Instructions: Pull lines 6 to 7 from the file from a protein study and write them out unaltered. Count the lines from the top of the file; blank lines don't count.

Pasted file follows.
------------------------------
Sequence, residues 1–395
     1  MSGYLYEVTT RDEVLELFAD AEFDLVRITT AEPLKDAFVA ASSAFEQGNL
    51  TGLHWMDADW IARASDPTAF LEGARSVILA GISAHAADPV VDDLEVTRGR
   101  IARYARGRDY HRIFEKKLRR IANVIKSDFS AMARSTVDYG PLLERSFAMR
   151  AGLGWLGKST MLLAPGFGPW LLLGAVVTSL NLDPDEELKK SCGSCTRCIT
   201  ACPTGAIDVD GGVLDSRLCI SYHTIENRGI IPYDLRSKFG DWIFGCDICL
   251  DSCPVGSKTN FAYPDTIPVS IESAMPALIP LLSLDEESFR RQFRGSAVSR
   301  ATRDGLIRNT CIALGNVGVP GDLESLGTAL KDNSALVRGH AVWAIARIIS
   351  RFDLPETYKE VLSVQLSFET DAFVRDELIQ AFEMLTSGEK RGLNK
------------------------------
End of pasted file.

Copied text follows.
   201  ACPTGAIDVD GGVLDSRLCI SYHTIENRGI IPYDLRSKFG DWIFGCDICL
   251  DSCPVGSKTN FAYPDTIPVS IESAMPALIP LLSLDEESFR RQFRGSAVSR